Another emerging parasite, Human gnathostomiasis, is caused by several species of parasitic worms in the genus Gnathostoma. The disease is found and is most commonly diagnosed in Southeast Asia, though it has also been found elsewhere in Asia, in South and Central America, and in some areas of Africa.
“In this case people really do have parasites crawling under their skin,” Bradbury said.
People become infected primarily by eating undercooked or raw freshwater fish, eels, frogs, birds and reptiles. The most common manifestations of the infection in humans are migratory swellings under the skin and increased levels of eosinophils in the blood. Rarely, the parasite can enter other tissues such as the liver, and the eye, resulting in vision loss or blindness, and the nerves, spinal cord or brain, resulting in nerve pain, paralysis, coma and death.
Bradbury said when the worms enter the eyes and brain the victim is in “real trouble.”
Another species that is increasingly becoming a problem is Haycocknema perplexum, a muspiceoid nematode native to the island of Tasmania, of the nation of Australia. It is a dangerous parasite to humans, and its infection can be life-threatening. Bradbury suspects its spread is due to adventurous travelers wanting a taste of kangaroo and/or koala bear meat.
As for combatting emerging virus and parasites, that job falls mostly on the U.S. Food and Drug Administration. De Leon said new enforcement provisions of the Food Safety Modernization Act (FSMA) are going to help the agency in the battle.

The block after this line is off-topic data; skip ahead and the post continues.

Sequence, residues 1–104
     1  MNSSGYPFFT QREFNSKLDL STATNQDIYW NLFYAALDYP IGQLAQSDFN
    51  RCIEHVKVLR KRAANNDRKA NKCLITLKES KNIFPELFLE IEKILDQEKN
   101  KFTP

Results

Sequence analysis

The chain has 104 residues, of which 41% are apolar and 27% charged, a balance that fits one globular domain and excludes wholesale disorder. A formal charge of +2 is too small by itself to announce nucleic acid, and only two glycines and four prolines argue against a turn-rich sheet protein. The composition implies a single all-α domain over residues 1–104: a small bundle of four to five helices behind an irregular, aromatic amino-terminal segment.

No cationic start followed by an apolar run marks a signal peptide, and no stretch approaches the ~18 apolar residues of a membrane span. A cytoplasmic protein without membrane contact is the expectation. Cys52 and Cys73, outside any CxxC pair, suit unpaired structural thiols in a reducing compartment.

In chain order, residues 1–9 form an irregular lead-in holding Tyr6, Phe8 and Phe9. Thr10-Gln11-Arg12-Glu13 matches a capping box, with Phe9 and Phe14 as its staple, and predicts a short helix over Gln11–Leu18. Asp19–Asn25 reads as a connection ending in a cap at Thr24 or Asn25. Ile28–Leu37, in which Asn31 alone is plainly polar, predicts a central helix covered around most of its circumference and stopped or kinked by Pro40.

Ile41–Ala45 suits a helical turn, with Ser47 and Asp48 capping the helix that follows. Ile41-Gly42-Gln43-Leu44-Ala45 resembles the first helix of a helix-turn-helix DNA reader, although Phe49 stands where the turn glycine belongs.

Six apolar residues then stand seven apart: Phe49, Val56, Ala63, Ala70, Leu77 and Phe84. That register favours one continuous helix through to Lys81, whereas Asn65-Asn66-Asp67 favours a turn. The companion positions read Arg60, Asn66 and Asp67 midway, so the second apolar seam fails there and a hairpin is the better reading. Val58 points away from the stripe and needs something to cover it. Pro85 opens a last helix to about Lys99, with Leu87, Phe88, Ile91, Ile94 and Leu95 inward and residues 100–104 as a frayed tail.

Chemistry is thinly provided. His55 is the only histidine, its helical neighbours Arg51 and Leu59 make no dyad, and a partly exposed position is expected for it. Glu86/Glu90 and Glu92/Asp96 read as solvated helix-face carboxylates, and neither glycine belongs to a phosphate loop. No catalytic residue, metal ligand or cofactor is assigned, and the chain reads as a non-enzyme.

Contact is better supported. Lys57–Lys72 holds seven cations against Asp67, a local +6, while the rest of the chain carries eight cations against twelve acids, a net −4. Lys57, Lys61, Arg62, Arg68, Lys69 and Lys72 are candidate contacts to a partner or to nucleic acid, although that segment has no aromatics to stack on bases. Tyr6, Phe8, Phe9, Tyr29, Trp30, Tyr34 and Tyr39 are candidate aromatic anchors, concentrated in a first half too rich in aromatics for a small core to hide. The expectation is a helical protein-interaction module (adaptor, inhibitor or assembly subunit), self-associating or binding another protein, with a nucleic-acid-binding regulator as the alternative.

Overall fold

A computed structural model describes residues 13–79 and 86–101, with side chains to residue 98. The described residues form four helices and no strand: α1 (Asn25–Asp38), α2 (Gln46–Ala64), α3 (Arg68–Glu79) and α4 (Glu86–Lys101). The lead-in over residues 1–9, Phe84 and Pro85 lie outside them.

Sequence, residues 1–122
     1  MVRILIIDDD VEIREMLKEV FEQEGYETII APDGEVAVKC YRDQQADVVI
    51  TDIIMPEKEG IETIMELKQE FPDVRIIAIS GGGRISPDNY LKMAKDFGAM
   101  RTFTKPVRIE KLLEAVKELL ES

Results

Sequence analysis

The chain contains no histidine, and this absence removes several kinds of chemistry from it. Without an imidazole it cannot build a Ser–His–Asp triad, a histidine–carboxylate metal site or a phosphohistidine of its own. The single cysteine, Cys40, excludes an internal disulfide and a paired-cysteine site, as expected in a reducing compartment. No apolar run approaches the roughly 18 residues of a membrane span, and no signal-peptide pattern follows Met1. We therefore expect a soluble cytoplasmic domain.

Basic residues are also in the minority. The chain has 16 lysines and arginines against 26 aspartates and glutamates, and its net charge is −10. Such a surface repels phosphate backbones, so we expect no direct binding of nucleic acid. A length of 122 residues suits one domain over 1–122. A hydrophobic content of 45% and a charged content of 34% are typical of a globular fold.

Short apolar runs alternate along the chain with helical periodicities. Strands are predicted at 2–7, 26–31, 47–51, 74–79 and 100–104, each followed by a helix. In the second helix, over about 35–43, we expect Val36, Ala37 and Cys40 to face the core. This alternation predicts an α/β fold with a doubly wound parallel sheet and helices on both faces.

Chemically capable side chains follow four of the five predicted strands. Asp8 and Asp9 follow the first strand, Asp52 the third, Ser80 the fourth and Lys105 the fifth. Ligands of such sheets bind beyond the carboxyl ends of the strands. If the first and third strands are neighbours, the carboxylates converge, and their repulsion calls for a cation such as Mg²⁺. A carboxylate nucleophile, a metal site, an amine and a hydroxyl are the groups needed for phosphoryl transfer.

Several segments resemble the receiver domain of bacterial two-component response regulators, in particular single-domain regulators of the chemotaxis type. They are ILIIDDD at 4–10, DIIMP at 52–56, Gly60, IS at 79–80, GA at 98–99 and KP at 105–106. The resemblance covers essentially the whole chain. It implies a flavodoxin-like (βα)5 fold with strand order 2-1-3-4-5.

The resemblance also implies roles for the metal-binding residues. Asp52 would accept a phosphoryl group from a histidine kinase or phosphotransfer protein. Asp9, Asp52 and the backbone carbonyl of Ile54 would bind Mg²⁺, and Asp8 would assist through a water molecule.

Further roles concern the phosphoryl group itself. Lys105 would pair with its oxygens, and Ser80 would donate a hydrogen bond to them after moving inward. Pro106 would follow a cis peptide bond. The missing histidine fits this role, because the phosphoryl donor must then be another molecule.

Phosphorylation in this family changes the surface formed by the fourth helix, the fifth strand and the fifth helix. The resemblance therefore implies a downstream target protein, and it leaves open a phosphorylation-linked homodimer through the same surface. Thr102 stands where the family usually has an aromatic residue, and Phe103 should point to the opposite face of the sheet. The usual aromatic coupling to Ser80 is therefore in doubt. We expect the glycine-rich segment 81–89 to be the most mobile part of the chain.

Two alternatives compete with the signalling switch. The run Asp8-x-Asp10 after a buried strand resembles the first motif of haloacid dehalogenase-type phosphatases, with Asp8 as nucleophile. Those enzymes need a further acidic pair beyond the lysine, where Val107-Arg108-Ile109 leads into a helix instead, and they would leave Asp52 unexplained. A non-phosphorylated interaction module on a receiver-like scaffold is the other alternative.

Since 2012 FDA has been watching imported cilantro from the Puebla, Mexico, area because of consistent contamination with Cyclosporiasis. The single-cell parasite has been crossing the border every year since then. The CDC reports 38 cases of cyclosporiasis from Mexican cilantro in 2013, 26 in 2014 and 90 in 2015.
De Leon said FDA personnel has been working in Mexico since 2012 with the country’s food safety agencies to address sanitation issues. She said the Puebla area is not one of the ares that FDA has avoided over security concerns over because of take-over by Mexican criminal cartels.
She said she is hopeful that cyclosporiasis cases from the area for 2016 will be down. However, that may not be the case as CDC reports 384 people with laboratory-confirmed cases of cyclosporiasis in 2016, with 134 of the illnesses originating in the U.S. A county background the for the others was not readily available.
De Leon did say the 2016 Hepatitis A outbreak involving raw, frozen, imported scallops, which sickened 292, caused Sea Port Products Inc. to recall the product, ultimately had a positive post script.
This year, she said, the supplier has stepped forward to recall frozen tuna for Hep A contamination based on its own testing and recalled the product. This time no illnesses were reported.
The trio of emerging disease experts spoke on Tuesday to the International Association for Food Protection’s annual meeting, which continues today at the Tampa Convention Center.